Then we moved to Pittsburgh. The first phone call I made was not to a realtor. It was to UPMC Children’s Hospital of Pittsburgh. I got three names from Katharine’s cardiologists, and one of them was the executive director of the Heart Institute at UPMC Children’s Hospital. I called him and he answered his own phone. My husband is a Pittsburgh native and constantly reminds me about how Pittsburgh is such a special place. But how many doctors answer their own phone? He talked to me for about 20 minutes about Katharine and her history. There were multiple doctors that could be a good fit for her complex case, but the executive director at Children's said he would personally love to take on her “case.”

He has been amazing. We were starting to talk about surgical repair, and Victor Morell, MD, chief, Division of Pediatric Cardiothoracic Surgery was actually reaching out to Dr. da Silva’s trainee in Minnesota to see if we could get him to come to UPMC Children’s to perform the procedure. In 2016, we went in for another checkup with our doctor, and he said let’s hold the presses because Dr. da Silva is coming to Pittsburgh in a few months to join the surgical team. From a life-long Pittsburgh sports fan’s view point, Dave said that we just found out that the Mario Lemieux of his field was being traded to our team. This just doesn’t happen!

Dr. da Silva repaired Katharine’s heart on June 13, 2017. He did a beautiful job, and we had a phenomenal experience at UPMC Children’s. The doctors, nurses, and hospital staff — not to mention the building itself — are such an incredible blessing for us all. This kind of experience also makes you appreciate your family, your friends, your employers and co-workers, and your community. So many people were incredibly supportive of us during this period of time. Dave and I also saw lots of children and families that were taking on incredible challenges and fighting against the odds with hope and amazing doctors.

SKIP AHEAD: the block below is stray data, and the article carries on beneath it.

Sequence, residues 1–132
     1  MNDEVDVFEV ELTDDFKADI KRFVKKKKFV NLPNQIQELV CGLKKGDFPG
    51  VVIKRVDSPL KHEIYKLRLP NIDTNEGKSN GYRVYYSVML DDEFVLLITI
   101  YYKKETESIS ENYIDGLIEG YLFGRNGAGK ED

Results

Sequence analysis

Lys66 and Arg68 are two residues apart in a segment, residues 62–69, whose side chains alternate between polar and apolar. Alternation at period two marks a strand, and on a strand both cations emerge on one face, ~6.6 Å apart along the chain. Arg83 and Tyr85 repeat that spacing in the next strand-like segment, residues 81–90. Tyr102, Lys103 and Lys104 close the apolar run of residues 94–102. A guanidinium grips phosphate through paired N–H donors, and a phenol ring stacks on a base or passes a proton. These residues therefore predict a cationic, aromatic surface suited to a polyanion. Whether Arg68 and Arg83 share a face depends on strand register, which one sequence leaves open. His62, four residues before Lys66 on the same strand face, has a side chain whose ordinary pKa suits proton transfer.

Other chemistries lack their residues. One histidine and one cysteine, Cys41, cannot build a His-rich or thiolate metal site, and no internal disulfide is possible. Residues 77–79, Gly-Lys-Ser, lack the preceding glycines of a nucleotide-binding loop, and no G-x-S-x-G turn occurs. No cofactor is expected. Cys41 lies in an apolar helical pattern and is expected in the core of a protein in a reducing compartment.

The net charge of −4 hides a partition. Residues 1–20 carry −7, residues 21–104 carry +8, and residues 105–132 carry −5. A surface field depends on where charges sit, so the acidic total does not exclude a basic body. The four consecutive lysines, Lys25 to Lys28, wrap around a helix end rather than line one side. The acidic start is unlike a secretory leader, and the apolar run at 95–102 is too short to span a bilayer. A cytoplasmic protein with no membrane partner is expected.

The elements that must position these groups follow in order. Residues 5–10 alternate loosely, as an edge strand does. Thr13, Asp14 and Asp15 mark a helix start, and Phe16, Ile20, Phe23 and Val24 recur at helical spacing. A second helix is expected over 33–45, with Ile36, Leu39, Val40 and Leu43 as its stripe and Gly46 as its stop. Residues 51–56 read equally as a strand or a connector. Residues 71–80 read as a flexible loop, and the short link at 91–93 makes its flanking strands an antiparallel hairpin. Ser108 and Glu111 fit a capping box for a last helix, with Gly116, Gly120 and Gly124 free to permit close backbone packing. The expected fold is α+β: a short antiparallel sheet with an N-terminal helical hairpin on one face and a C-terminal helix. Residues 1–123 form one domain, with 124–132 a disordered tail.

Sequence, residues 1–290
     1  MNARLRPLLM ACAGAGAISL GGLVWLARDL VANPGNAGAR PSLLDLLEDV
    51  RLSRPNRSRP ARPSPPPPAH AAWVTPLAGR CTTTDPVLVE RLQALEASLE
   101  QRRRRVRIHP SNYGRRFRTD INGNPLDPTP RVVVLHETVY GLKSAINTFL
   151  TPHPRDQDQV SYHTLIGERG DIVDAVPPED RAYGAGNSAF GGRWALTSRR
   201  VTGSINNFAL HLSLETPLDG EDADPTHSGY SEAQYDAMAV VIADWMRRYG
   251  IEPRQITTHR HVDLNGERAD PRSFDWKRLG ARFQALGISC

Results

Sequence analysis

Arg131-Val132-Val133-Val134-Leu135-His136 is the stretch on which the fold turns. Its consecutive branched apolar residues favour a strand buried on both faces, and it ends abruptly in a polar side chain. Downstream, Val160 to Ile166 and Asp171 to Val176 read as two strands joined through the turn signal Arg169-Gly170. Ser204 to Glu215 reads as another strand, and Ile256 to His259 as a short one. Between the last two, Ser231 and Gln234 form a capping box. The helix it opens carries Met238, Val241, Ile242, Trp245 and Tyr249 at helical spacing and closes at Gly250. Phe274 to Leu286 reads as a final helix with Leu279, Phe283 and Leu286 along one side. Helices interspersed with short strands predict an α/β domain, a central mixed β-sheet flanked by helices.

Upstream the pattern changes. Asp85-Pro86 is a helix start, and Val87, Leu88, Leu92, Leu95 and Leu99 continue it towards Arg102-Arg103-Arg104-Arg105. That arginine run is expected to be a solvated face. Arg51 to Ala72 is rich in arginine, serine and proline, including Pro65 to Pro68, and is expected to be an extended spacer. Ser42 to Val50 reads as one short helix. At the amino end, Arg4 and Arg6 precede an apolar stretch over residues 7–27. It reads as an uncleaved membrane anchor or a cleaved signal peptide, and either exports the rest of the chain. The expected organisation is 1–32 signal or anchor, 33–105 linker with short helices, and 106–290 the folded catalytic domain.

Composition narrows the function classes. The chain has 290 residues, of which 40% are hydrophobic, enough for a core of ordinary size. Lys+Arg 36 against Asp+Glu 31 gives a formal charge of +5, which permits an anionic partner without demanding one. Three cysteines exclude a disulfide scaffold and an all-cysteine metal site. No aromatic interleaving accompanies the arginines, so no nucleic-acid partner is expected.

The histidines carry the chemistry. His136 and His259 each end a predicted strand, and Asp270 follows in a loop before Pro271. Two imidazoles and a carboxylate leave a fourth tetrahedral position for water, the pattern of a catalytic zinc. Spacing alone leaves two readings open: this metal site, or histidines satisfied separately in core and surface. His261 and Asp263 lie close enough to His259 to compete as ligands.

Katharine Babst | UPMC Children's Hospital of PittsburghAs for Katharine, she’s progressing very well. Her recovery from the surgery was remarkable. I couldn’t get out of bed by myself for the first two weeks I was home from the hospital after my surgery. The recovery period was so much shorter for Katharine, and her surgery was so much more complex. One of the best moments for our family was when Katharine walked herself into our house a week after her surgery. Katharine’s younger siblings, Ryan and Maggie, welcomed her home and were so proud of their big sister and so genuinely happy to see her. Today, you can see such a difference in her already, in her energy and confidence level. She’ll continue to be monitored, but at this point she’s doing great.

Katharine and I share a very special bond. She looks a lot like me, and we’ve gone through this experience together. I know I can really relate to her. There’s a level of anxiety and fear that comes with having a sick child, and you worry about your child coping and about how scared they might be. It was helpful that I really knew what she was feeling because I’ve been through it — and we have matching scars to prove it.

Katharine’s most defining qualities are that she is an incredibly sweet-natured, caring, and brave girl. She has a BIG heart. Thank you, UPMC Children’s, for helping to ensure that we can see it support her throughout her life.